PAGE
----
New research on how youth-initiated mentoring can possibly redress problems faced by many mentoring programs.
Spencer, R., Gowdy, G., Drew, A. L., & Rhodes, J. E. (2018). “Who Knows Me the Best and Can Encourage Me the Most?”: Matching and Early Relationship Development in Youth-Initiated Mentoring Relationships with System-Involved Youth. Journal of Adolescent Research. doi:10.1177/0743558418755686
Summarized by Rachel Thompson
Notes of Interest: This exploratory qualitative study showed that the YIM approach facilitates a positive and supportive relationship development between youth and mentor. This approach empowers youth to identify a mentor on their own, by giving them the opportunity to reflect on and define what attributes of a mentor they find most important. Findings show that YIM is important for engaging vulnerable youth since they are at the greatest risk of mentoring relationship failure.
Introduction (Reprinted from the Abstract)
Youth-initiated mentoring (YIM), in which youth select adults from within their communities to serve as mentors in relationships that are formalized through mentoring programs, has the potential to redress problems faced by many mentoring programs that could adversely affect system-involved youth, such as volunteer attrition and premature match closures. However, only a few programs have implemented YIM, and there is little research on this approach. This qualitative interview study examines the formation of YIM relationships and how they are experienced by mentors (n = 14), youth (n = 17), and the youths’ parent/guardian (n = 6). Youth tended to select adults whom they had encountered through school or social services. Findings indicate that the YIM selection process contributed to mentor, youth, and parent/guardian investment in the mentoring relationship and to the youth’s rapid development of feelings of closeness and trust in the mentor. Knowing that mentors would be nonjudgmental, trustworthy, and dedicated appeared to facilitate positive relationship development, which is important given the difficulty of engaging and serving system-involved youth in mentoring programs.
Implications (Reprinted from the Discussion)
Results from this study suggest that YIM is a promising intervention to provide supportive adult relationships to system-involved youth within the context of formal mentoring programs and, in fact, may result in the involvement of both youth and mentors who would not have otherwise engaged in formal mentoring. Evidence suggests that with appropriate coaching from program staff, these youth are able to successfully identify potential mentors who are willing to serve. Programs considering implementing YIM practices should include the youth’s parent/guardian in the process as appropriate, which may improve the parent’s engagement in the program and support for the mentoring relationships. Given the rapid relationship development and strong commitment described by YIM youth and mentors, embracing a YIM model might reduce challenges in the relationship down the line, making supporting the matches over the long-term easier and less time-consuming for staff.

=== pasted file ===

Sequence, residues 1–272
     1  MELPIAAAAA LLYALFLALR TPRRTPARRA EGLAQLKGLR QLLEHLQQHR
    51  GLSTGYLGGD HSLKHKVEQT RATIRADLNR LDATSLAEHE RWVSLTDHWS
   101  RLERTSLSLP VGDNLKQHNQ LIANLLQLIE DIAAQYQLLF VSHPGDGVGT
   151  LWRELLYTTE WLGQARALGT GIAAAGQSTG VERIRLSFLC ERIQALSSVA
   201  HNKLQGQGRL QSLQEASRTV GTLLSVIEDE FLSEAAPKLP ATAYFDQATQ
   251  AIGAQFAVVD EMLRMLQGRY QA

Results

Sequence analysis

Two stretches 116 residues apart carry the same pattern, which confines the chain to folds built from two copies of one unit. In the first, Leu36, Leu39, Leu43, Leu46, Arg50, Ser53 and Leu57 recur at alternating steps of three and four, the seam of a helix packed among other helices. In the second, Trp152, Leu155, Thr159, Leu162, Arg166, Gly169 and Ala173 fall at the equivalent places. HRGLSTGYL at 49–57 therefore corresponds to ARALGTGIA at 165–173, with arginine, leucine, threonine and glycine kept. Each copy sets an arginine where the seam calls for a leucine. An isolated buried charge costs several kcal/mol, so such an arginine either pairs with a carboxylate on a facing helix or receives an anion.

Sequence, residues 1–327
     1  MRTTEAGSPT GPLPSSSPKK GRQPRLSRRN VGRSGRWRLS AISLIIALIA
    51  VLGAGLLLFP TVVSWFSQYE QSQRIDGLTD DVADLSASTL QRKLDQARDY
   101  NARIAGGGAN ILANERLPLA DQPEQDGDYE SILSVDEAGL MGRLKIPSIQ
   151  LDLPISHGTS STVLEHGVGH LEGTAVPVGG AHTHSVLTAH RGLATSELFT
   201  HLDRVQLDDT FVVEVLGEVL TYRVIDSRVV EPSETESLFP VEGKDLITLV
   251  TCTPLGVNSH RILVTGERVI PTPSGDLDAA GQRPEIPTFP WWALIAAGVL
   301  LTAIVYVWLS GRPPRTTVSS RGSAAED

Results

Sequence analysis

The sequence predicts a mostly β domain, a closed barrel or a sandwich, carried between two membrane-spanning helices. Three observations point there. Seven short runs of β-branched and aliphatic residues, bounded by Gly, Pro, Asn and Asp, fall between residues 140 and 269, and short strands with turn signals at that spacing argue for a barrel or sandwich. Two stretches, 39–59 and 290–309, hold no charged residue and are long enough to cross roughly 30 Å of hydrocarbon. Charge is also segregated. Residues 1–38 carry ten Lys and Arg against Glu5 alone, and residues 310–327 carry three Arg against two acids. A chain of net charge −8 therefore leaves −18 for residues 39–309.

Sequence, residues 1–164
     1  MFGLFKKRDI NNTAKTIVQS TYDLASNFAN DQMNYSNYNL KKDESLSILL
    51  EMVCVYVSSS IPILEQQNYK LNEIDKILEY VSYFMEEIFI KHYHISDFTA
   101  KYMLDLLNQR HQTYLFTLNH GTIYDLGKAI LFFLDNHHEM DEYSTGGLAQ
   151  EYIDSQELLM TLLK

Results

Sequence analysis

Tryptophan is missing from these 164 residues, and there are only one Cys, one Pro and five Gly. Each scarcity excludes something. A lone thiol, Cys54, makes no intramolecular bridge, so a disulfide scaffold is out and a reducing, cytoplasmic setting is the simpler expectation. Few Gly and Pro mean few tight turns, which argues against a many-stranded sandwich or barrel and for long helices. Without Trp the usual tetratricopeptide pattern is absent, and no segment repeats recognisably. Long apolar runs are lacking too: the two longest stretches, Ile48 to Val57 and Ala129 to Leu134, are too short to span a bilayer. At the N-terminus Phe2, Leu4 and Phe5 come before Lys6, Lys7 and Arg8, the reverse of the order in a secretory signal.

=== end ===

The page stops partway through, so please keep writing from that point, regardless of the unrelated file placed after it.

Prospective studies that track the development of these relationships over time and that follow them beyond the 1-year mark are needed to more fully assess relationship quality and to discern their durability. Furthermore, by not including those youth and adults who declined to participate or youth who were unable to identify a mentor, thereby restricting our understanding of some potential limitations of the YIM approach.
Examinations of the effectiveness of YIM in promoting positive youth outcomes are also needed, no study of the effectiveness of YIM in a stand-alone program has been undertaken to date. Comparative studies of YIM and traditional matching and program-level examinations of YIM implementation would also offer important information about the relative value of making the programmatic changes needed to implement YIM. The findings here indicate that the examination of whether this approach may serve to address the significant problem of volunteer attrition faced by many traditional programs is warranted. There may also be benefits to the adults who are selected, including improvements in self-perception, sense of purpose, and civic engagement.
To access the original article, click here.